Anniversary Waltz 2016

So many cars, so little time.

A car to return to. Image: Spiegel.de
A car to return to. Image: Spiegel.de

Like most of what we do here at Driven to Write, our commemoration of significant automotive anniversaries throughout the past year came about largely by accident and was therefore never intended to be exhaustive or definitive. But with 2016 consigned to a blessedly welcome end, we now find ourselves like overindulged children with an embarrassment of riches for which we have little real use. So in the spirit of post celebratory ennui, we propose to take a brushstroke to the cars we never quite got around to last year.

It’s fifty years since Alfa Romeo introduced the Pininfarina designed (and built) Duetto Spider. Based on styling themes developed over a number of years with the Superflow concept series, the shark nose and elongated tail styling suggested the previous decade’s streamliners rather than a mid-Sixties aesthetic. Nevertheless, the pretty Duetto became immortalised and would remain a firm favourite in myriad forms for almost thirty years.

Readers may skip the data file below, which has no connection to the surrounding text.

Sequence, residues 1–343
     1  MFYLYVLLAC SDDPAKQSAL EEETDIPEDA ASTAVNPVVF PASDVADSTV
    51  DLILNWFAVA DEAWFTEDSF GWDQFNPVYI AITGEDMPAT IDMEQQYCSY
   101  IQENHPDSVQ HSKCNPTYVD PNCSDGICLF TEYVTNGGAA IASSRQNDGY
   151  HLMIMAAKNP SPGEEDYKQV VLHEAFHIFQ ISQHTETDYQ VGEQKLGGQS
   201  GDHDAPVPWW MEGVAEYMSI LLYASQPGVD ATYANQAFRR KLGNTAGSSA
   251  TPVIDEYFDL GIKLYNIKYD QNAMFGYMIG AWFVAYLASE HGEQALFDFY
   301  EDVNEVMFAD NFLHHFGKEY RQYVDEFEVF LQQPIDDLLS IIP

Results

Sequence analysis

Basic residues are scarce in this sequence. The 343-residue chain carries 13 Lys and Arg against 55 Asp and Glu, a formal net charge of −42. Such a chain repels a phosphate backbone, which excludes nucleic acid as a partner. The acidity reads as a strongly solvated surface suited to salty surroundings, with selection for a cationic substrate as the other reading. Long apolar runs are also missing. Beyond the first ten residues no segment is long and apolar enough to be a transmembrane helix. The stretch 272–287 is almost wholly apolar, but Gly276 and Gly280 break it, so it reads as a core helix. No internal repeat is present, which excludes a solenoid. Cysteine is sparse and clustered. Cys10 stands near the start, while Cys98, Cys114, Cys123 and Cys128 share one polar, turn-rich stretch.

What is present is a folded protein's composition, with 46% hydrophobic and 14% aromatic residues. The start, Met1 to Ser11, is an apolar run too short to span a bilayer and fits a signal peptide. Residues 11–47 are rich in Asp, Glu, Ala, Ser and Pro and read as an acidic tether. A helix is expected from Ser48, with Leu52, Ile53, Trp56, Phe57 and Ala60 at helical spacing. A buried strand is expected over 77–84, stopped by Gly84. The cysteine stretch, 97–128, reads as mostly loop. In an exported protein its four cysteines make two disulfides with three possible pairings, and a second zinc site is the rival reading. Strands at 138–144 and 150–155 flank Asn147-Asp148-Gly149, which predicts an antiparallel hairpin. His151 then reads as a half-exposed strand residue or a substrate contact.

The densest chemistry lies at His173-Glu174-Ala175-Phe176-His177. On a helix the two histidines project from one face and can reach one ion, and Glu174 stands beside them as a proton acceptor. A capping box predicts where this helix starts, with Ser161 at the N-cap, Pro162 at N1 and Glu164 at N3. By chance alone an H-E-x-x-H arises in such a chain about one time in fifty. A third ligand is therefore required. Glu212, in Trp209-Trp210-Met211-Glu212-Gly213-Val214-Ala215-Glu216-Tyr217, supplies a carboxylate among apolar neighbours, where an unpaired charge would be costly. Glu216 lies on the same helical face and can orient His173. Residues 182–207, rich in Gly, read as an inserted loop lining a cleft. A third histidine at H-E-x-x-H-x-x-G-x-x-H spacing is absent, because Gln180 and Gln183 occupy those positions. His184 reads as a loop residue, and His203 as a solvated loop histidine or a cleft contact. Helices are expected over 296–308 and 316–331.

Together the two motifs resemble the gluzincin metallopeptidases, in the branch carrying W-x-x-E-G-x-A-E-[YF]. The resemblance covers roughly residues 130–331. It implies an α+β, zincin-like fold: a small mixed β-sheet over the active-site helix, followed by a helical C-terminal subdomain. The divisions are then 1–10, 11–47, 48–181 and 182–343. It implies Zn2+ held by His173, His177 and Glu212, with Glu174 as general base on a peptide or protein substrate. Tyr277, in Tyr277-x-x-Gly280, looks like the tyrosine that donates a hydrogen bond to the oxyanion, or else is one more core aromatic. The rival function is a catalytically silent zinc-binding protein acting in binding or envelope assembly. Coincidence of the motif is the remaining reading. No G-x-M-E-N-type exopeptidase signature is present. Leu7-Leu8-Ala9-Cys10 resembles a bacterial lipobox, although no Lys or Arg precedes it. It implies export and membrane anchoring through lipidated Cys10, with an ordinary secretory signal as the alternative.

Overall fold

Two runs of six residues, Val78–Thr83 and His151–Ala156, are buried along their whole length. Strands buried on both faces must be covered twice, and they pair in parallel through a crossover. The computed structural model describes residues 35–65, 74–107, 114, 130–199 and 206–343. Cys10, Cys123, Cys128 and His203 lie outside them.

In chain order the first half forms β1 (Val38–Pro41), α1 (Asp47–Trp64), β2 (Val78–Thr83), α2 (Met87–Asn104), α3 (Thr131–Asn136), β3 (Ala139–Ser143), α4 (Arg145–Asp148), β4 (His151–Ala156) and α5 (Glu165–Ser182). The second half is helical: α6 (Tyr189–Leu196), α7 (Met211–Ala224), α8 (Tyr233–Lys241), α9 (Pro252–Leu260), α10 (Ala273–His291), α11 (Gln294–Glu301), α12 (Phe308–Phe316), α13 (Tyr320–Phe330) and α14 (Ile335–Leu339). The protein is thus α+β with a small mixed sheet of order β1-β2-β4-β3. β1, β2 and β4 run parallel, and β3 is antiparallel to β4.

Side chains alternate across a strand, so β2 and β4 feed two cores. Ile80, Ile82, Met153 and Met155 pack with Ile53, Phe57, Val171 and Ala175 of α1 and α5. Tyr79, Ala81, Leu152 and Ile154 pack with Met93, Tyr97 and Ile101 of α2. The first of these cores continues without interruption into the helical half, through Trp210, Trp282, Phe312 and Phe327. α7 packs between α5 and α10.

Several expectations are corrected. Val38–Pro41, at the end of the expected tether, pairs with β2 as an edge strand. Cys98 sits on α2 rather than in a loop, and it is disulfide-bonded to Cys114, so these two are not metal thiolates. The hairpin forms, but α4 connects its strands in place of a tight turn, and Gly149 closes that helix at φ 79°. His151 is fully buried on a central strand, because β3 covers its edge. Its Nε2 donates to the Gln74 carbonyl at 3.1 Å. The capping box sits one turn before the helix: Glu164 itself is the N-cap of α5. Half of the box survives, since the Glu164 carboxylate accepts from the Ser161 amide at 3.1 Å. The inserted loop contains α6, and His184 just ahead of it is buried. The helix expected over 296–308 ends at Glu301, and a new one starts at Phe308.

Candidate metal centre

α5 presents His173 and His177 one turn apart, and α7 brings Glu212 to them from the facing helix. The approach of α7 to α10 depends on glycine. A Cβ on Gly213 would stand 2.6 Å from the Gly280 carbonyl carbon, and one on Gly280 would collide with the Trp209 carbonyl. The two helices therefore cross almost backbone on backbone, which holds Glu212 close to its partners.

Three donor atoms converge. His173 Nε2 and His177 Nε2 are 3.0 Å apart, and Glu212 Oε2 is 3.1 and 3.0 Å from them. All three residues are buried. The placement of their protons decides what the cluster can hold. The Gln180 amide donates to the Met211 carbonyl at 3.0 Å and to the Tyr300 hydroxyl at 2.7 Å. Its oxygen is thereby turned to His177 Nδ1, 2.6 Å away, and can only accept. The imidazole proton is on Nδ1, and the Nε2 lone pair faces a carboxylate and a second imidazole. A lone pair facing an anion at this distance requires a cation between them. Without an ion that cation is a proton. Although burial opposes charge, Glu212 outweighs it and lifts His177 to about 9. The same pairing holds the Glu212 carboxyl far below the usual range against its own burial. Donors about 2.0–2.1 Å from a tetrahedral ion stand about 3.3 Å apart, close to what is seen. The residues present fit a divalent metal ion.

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The same year also saw Fiat introduce two more Pininfarina-penned two-seaters. It’s interesting how three cars fulfilling such similar briefs emerged from the same carrozzeria at roughly the same time with their own visual character. The Dino Spider’s styling was influenced by a succession of contemporary Ferrari concepts, while the 124 Spider was loosely based on Farina’s 1963 Rondine. While the Dino was a low-volume homologation act of corporate ambition, the 124 was more of a serious commercial proposition aimed squarely at the US market and would remain on sale there until 1985.

Audi’s are difficult subject matter, largely because more often than not they leave so few traces. So from the class of 1976 comes the Audi 100 B2, just the kind of nice middle order saloon which the four rings of Ingolstadt specialised in before they went all Vorsprung on us. It was notable for introducing the world to Audi’s in-line five cylinder engine series and for elevating the marque from the outer hinterlands to the foothills of the prestige market.